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Free agent retrospective: Carl Pavano and Jaret Wright

You can never have too much pitching. Getting that pitching is easier said than done.

A team Pavano wasn't terrible for.
A team Pavano wasn't terrible for.
Otto Greule Jr

In my first two posts on the subject of past Yankees' free agency transactions, I looked at deals with Bernie Williams and Reggie Jackson. Two high-priced moves for high profile stars that worked out well for everyone involved. But it wouldn't be fair if we didn't also take a look back at some of the dud contracts the Yankees have handed out over the years. Two such contracts were signed in the same offseason for two pitchers coming off career years: Carl Pavano and Jaret Wright. As you are all keenly aware, it did not work out so well for the Yankees.

The impetus behind the Yankees' attempts to bolster their rotation was their 2004 collapse against the rival Red Sox. A sound thumping in Game Seven and a middling starter ERA of 4.82 (18th in MLB) during the regular season was enough to convince the front office that an overhaul of the staff was needed. They made Wright their first target, who was coming off of a 4.3 fWAR, 3.28 ERA campaign with the Atlanta Braves. There were complications with Wright's passing a physical, but eventually the Yankees inked Wright to a three year/$21 million deal. I can remember it seemed odd at the time that the Yankees would be so interested in a pitcher who had been terrible from 1999-2003, but they were clearly hoping he was not simply a product of Leo Mazzone's magic.

Pavano was the premier pitcher of the free agent class that year. Unlike Wright, Pavano had strung together two consecutive good campaigns, taking a huge step forward in 2004 with an 18-win, 3.00 ERA, 4.1 fWAR effort. Possibly also impressed by his performance against him in the 2003 World Series the Yankees outbid several other teams and got Pavano to sign a four year/$39.6 million deal. Throw in a trade for the dominant Randy Johnson in January, with Mike Mussina and Kevin Brown as holdovers, and the Yankees thought they had an unstoppable starting staff loaded with accomplished veterans.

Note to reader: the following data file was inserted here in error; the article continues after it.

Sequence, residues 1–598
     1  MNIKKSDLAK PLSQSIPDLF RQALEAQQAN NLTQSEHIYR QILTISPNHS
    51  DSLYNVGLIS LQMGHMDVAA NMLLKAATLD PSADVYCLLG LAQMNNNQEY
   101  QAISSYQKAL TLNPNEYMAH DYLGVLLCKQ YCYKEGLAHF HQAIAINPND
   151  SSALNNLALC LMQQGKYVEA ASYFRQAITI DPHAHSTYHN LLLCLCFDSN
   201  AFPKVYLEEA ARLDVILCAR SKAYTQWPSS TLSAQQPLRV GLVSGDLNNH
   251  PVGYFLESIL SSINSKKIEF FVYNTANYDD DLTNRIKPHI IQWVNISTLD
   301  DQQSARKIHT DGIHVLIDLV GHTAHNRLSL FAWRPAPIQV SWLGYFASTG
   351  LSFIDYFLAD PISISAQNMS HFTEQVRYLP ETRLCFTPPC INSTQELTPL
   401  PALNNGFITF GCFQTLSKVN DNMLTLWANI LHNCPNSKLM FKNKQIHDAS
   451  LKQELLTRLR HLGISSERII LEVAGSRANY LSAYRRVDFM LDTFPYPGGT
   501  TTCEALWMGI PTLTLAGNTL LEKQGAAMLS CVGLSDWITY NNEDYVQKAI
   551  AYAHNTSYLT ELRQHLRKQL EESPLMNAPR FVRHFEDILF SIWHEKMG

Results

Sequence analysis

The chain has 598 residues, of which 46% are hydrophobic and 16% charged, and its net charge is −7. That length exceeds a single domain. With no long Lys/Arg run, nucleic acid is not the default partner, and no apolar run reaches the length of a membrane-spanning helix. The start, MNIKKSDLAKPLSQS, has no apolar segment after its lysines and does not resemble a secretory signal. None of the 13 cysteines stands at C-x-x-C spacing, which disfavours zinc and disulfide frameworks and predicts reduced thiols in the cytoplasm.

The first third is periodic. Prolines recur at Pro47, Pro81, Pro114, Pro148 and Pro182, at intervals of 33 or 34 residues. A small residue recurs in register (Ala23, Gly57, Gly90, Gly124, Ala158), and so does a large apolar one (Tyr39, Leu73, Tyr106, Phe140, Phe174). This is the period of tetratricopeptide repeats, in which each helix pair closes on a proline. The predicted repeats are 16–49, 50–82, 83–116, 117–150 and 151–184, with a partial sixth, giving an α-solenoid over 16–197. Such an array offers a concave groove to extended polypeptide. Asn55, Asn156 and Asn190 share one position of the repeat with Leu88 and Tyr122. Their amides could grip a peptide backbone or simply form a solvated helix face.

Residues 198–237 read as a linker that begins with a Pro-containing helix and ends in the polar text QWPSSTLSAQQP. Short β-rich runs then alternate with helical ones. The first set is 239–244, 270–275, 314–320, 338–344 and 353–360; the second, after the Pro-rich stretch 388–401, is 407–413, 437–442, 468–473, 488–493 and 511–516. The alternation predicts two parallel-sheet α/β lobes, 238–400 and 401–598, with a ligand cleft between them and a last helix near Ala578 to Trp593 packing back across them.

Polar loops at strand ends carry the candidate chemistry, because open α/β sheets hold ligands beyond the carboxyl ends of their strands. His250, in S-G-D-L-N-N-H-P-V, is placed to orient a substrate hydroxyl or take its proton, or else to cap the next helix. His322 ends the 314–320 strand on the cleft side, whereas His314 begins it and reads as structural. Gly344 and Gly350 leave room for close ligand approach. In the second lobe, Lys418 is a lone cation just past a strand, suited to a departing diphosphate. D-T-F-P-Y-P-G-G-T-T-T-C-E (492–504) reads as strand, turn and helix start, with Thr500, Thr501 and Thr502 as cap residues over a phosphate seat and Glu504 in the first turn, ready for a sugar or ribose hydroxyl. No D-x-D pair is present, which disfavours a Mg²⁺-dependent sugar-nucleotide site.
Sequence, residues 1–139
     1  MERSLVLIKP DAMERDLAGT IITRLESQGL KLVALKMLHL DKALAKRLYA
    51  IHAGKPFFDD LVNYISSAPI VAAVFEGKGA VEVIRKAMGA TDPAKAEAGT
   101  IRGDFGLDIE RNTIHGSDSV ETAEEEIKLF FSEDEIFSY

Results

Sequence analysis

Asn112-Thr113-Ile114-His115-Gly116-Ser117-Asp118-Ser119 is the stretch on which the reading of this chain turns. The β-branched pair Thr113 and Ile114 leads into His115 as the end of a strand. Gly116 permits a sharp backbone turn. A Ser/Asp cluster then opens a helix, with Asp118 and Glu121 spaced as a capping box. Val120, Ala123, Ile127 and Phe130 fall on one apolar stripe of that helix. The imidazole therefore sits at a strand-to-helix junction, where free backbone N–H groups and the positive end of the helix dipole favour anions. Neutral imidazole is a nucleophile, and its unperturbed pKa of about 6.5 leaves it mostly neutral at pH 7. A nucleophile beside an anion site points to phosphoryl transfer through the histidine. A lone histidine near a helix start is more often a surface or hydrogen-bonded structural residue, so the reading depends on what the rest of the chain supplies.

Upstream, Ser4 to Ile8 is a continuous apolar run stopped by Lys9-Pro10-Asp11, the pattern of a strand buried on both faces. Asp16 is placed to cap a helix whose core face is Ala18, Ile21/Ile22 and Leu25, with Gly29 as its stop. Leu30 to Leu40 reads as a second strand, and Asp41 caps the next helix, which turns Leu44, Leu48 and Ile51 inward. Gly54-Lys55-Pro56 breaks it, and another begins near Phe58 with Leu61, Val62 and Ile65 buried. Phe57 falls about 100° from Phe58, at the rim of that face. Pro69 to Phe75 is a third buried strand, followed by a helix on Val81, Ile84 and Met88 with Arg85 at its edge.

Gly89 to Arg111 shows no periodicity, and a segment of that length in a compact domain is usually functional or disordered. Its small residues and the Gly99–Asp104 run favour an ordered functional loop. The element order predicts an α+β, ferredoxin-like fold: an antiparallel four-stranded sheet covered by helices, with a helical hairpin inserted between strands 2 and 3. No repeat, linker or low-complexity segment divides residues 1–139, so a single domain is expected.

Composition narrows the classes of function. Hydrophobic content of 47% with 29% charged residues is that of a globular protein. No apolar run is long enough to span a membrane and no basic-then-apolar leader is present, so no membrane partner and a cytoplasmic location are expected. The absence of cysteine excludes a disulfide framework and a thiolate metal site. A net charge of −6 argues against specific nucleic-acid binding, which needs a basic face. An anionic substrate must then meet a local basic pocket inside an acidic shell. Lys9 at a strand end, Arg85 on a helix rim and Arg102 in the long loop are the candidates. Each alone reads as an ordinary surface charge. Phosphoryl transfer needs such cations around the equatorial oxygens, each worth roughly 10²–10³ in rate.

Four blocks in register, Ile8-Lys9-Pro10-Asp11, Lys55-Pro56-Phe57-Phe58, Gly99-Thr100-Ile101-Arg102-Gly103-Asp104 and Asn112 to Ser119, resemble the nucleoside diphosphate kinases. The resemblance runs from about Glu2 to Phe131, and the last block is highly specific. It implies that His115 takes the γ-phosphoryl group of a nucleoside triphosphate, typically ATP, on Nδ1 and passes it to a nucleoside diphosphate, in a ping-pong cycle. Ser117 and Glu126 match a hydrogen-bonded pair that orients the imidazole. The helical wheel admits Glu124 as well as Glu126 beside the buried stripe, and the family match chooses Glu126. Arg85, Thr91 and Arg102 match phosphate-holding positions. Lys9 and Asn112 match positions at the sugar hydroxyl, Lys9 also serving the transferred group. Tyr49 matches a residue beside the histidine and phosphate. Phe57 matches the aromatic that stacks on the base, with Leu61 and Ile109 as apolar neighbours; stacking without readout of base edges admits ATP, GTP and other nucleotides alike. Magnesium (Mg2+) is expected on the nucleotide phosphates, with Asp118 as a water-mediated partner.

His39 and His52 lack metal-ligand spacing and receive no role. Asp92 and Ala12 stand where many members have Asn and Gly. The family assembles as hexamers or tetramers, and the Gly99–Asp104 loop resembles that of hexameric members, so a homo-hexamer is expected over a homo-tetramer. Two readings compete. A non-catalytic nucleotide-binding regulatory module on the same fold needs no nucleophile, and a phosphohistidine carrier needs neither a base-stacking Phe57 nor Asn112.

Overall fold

Obviously that last notion was contingent on Pavano and Wright being able to actually pitch, and pitch well. Wright was bombed in the 63 innings he managed to pitch in his injury-marred '05 season, barely managing a 1:1 strikeout to walk ratio and sporting an ERA over 6.00. He actually managed to have the only respectable season between the two in 2006, tossing 140 innings while accumulating 2.6 fWAR. But his terrible start (2.2 IP, 4 R, 2 HR) in the clinching loss of the ALDS against Detroit sealed his fate and he was dealt to the Orioles after the season for Chris Britton.

As much of a cash dump Wright was, it is the Pavano deal that will echo in the minds of Yankees fans forever. Four seasons: 145.2 IP, 26 games started. A grand total of 1 fWAR. He rarely ever pitched and wasn't good when he did. Mysterious car accidents, Tommy John surgery, elbow strains, buttocks injuries. You name it and it happened with Carl Pavano. Whether he was simply a victim of bad luck or partly responsible for his myriad of misfortunes, Pavano was nary a factor over the life of his contract for his employers. It was one of the worst signings the Yankees have ever made.

The Yankees just so happen to find themselves with a few open spots in their rotation for 2014. Could one of those spots be filled with a free agent as disastrous as the gruesome twosome discussed above? Of course they could! But here's hoping history does not repeat itself.

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